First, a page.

This week's most important economic reports (for mortgages) happen on Wednesday. If you think they're going to deliver good economic news, you should lock your mortgage rate because they're likely to rise more. If you think the economic reports will bring rotten news, then rates could fall.
Rates have been rising for the last couple of weeks, and investors will view economic reports through that prism. Neutral news won't reverse the upward trend of mortgage rates. I'm talking about the trend -- rates might fall this day or that, but over the medium and long term, they're rising.
Tuesday brings us news of export and import prices and the trade balance. On Wednesday, we get the Consumer Price Index for March, the retail sales report for March and the Federal Reserve's Beige Book, the central bank's anecdotal report on economic activity by region.
Economists and investors will read these reports to see if they tell a similar story or if they contradict one another. If the CPI is up substantially, then you would expect a healthy retail sales report and a somewhat optimistic Beige Book. If all three of those things happen, you can expect mortgage rates to go up.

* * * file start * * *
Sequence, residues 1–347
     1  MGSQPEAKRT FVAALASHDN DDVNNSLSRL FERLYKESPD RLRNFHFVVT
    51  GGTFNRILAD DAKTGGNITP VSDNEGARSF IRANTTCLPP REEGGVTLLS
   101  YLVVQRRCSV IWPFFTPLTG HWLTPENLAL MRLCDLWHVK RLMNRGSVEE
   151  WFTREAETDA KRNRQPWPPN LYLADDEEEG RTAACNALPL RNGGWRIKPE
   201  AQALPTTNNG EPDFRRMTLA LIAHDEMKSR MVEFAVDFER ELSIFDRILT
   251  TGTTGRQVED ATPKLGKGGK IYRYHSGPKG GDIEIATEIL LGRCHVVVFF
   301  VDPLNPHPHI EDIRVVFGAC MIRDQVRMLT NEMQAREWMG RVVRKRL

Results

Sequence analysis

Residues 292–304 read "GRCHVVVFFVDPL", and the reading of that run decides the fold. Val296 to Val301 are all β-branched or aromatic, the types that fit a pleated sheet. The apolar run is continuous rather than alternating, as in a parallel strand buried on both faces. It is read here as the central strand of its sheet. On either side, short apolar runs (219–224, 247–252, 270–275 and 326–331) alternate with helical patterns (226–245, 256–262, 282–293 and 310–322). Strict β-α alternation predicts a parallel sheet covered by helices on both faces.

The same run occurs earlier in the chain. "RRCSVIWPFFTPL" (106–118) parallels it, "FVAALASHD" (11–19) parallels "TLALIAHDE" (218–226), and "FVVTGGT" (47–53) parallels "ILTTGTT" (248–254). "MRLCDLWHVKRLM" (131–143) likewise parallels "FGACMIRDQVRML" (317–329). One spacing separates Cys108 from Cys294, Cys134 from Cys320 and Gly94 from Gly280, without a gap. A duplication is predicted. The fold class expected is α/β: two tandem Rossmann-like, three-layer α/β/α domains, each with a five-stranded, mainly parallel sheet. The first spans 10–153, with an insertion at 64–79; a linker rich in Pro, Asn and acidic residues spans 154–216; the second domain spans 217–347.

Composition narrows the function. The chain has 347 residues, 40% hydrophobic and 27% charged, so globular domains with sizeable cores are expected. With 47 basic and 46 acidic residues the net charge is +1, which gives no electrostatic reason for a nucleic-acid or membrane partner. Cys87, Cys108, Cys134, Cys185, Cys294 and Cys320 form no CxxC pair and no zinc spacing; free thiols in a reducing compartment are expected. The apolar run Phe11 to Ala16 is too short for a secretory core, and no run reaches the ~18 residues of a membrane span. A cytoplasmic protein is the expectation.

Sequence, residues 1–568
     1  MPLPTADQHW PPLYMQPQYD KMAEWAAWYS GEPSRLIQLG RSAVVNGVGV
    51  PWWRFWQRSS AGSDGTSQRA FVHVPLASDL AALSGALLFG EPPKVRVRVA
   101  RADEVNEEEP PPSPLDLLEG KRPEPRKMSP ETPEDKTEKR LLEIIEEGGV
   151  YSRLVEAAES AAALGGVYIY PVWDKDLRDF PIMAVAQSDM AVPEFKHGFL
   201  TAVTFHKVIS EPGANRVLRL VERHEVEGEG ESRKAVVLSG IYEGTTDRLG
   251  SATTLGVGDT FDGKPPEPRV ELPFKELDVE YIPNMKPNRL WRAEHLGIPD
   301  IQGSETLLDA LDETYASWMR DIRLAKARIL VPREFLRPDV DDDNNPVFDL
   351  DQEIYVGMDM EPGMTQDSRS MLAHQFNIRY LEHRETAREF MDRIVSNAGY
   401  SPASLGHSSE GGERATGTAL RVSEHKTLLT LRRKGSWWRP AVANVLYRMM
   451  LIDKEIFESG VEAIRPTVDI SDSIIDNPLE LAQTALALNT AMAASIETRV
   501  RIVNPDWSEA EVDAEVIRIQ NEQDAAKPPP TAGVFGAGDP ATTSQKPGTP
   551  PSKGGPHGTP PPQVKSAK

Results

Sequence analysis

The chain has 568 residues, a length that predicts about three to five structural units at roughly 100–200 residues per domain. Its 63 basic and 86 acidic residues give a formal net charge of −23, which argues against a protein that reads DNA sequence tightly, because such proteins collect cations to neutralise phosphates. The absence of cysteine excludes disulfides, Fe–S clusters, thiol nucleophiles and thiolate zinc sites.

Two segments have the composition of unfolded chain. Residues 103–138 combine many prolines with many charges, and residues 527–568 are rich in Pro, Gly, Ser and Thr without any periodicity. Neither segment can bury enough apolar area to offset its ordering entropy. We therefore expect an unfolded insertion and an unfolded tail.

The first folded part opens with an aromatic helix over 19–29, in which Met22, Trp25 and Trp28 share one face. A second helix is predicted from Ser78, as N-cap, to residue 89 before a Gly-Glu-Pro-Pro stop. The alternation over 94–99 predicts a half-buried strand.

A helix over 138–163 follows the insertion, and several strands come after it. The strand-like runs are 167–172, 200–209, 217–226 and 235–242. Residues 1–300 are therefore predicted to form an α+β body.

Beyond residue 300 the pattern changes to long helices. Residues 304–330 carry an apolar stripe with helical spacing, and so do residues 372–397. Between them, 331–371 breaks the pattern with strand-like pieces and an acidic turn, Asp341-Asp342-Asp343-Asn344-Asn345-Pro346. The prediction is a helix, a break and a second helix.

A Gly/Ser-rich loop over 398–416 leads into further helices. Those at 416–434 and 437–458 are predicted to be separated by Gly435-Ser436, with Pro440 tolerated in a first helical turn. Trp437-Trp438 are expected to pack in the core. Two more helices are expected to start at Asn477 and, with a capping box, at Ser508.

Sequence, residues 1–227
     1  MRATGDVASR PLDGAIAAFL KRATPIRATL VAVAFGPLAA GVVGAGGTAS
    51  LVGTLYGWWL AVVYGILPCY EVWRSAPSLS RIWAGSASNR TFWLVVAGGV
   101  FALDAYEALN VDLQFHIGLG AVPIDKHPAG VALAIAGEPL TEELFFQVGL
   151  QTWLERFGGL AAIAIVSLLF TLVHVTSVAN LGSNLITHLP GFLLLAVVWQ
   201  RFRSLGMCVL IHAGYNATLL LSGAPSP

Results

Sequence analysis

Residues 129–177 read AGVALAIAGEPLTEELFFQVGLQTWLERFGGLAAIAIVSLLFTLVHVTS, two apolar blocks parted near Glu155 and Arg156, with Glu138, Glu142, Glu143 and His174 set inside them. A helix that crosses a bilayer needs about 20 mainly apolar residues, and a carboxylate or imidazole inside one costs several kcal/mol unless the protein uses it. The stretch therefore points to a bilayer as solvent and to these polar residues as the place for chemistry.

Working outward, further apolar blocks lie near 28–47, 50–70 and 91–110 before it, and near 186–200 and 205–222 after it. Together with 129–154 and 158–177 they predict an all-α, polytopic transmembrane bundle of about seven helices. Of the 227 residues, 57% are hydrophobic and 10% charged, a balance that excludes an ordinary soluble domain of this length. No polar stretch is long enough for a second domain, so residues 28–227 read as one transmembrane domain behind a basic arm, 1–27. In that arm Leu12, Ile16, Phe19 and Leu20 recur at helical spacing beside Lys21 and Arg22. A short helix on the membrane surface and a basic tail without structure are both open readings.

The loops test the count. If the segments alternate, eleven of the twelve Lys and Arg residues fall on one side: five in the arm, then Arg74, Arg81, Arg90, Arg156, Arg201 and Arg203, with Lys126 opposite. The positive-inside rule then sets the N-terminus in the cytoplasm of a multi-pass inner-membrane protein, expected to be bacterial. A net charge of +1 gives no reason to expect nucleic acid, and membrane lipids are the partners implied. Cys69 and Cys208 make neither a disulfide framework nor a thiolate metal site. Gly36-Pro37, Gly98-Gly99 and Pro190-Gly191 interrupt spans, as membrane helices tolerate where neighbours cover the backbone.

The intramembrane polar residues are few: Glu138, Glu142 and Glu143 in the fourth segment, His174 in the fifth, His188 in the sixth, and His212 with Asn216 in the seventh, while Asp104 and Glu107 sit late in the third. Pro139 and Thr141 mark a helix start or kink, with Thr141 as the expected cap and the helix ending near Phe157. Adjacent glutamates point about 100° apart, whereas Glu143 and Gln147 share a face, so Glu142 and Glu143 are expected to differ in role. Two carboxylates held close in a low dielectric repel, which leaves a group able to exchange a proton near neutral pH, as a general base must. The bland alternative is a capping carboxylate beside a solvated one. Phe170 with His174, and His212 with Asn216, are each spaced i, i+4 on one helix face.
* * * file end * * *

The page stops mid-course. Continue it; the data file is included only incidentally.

But the reports won't necessarily tell the same story. If consumer prices were up but retail sales were blah, or if retail sales were up but the Fed says the economy is weakening in some parts of the country, investors will be confused and you might see hefty swings in mortgage rates in the second half of the week.
My advice: If you're going to close your loan by the end of next week, it might be a good idea to lock your rate by Tuesday afternoon. Don't take this as the last word; consult your loan officer or broker.
Friday brings the reports on housing starts and house construction permits in March. I think the markets will interpret these reports as good news, no matter what the reports say. If housing starts are up, it's a sign of an improving economy; if housing starts are down, it's a sign that builders are sane, and that the number of new-but-empty houses will dwindle, propping up prices in the medium term.